Portsmouth-based Rosie Tungatt plans to make it big in greyhound racing

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Her last holiday was in 2014 and days off are non-existent for Portsmouth-based greyhound trainer Rosie Tungatt, who is dreaming of success both on and off the track.

After turning her back on previous careers as a model, carer and a flight attendant, the 26-year-old is now one of the UK’s youngest professional greyhound trainers with capacity to work with up to 35 dogs.

Rosie’s enthusiasm for the sport dates to her childhood where she was a regular racegoer at the now closed Portsmouth Stadium. The Tipner venue closed its doors in 2010 before its demolition two years later – ending 80 years of greyhound racing on the island.

Despite greyhound racing’s 13-year absence locally, Rosie’s enthusiasm for the sport has never been greater. Her former globetrotting lifestyle could not be further from the 365-day commitment required to be a professional trainer – and she doesn’t regret her decision for one moment.

“I’m totally hooked,” said Rosie. “From the moment I wake the dogs up for their breakfast until they go to sleep at night, they never fail to put a smile on my face.

“The buzz when they’re on track doing what they love is incomparable to anything else – I’m just as proud when we land an A8 winner to a greyhound competing at the highest level.

“I loved my previous jobs. But this is the lifestyle for me. My dogs are my life from 6am until 10pm everyday and I wouldn’t change it for the world.”

With no greyhound racing venues in Hampshire, Rosie now races her dogs at the newly opened Oxford Stadium.

In addition to training her racing greyhounds, Rosie also cares for several retired greyhounds who no longer race competitively. It comes amid the introduction of several key schemes launched by the Greyhound Board of Great Britain (GBGB), the sport’s governing body.

They include the Greyhound Retirement Scheme, Injury Recovery Scheme and its fresh welfare strategy ‘A Good Life for Every Greyhound’.

Combined, the schemes have resulted in record rehoming rates (94%) while injury and fatality statistics (1.23% and 0.03%) have dropped to all-time lows.

“People always stop me to ask if my greyhounds are rescued, and each time I explain there is no such thing as a rescue greyhound – they’re retired,” said Rosie. “I’ve read the horror stories of the past, and thankfully the sport has made significant strides regarding welfare and rehoming.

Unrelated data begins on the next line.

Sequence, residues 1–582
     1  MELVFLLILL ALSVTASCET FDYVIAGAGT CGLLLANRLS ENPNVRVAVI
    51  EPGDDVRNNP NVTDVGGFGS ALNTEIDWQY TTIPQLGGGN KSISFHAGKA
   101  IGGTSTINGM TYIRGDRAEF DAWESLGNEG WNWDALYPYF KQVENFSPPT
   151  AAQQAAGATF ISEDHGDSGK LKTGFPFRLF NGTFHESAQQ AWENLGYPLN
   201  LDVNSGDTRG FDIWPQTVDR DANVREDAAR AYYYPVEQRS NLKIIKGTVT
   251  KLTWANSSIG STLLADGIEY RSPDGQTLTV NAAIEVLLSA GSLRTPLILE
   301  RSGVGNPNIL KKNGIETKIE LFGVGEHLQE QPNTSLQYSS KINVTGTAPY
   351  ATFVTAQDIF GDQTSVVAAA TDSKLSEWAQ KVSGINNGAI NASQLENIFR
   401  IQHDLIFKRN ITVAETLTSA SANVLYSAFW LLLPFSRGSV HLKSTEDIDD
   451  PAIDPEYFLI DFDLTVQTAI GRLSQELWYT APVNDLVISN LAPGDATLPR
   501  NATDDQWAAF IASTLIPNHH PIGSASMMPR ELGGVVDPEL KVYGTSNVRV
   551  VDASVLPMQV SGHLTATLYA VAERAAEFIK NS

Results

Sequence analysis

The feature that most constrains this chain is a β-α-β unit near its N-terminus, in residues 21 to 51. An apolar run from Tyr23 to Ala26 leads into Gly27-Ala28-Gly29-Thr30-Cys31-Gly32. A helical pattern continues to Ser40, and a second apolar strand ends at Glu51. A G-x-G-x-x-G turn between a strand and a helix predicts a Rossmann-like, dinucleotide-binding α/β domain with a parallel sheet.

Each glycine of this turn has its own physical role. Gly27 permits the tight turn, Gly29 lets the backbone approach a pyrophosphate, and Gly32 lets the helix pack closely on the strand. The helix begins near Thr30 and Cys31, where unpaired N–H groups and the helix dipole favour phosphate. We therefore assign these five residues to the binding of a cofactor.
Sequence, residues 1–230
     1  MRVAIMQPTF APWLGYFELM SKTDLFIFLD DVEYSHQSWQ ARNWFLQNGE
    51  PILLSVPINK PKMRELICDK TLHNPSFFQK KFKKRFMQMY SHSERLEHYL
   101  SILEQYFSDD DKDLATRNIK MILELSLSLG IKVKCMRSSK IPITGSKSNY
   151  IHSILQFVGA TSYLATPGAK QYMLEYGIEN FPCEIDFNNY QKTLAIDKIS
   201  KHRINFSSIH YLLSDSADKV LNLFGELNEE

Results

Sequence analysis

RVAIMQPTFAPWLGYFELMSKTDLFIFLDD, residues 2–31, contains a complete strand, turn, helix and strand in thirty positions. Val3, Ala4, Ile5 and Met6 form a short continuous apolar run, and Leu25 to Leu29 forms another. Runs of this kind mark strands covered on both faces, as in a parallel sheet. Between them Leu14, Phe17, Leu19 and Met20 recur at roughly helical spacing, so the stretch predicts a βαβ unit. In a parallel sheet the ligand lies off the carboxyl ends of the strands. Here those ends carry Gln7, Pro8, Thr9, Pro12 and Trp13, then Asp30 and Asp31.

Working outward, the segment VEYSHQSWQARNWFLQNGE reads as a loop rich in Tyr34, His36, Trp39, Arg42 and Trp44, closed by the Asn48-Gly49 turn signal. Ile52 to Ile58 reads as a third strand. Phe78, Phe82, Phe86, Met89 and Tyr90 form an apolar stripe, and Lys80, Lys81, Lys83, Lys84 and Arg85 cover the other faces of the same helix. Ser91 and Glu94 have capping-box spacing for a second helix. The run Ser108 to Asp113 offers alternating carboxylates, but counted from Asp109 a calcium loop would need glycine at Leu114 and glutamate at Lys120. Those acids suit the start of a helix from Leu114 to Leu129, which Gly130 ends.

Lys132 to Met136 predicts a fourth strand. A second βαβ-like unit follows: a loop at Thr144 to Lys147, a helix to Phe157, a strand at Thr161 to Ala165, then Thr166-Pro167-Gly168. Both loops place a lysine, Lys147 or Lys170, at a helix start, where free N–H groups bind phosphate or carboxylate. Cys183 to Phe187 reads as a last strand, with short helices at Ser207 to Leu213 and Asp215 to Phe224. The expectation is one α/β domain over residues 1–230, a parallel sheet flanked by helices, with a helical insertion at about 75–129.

“The regulation and support in place now is what makes me comfortable earning a living from the sport. If I need new air conditioning units to keep my facilities cool in the summer, I can get help.

“Financial support is provided to treat injured greyhounds too and every dog is attached to a £400 bond before it takes to the track to assist with rehoming costs when its career ends.

“The sport as we know it today is completely different to even five years ago.”

While Rosie hopes her training career can go from strength to strength, she also plans to inspire a new generation of supporters off it.

She regularly opens her kennels to new visitors and has extended an invitation to anyone who wishes to interact with dogs but cannot commit to owning one full-time. It comes after a major survey by Statista revealed 87% of dog owners in the UK said owning a pet made them mentally healthier.

“It’s been proven interacting with dogs helps to reduce stress, anxiety and depression,” said Rosie. “Owning a dog is a big commitment and not everyone is able to welcome a four-legged friend into their home due to financial pressures or existing commitments.

“There is always an open door at our kennels for people of all ages to meet the dogs, help with walking, feeding, grooming and more.

“We set the highest welfare standards and the more greyhound racing can do to educate how loved and cared for these magnificent dogs are the better.”

If you’d like to request a visit to Rosie’s kennels, please contact her directly via rosietungatt96@gmail.com.

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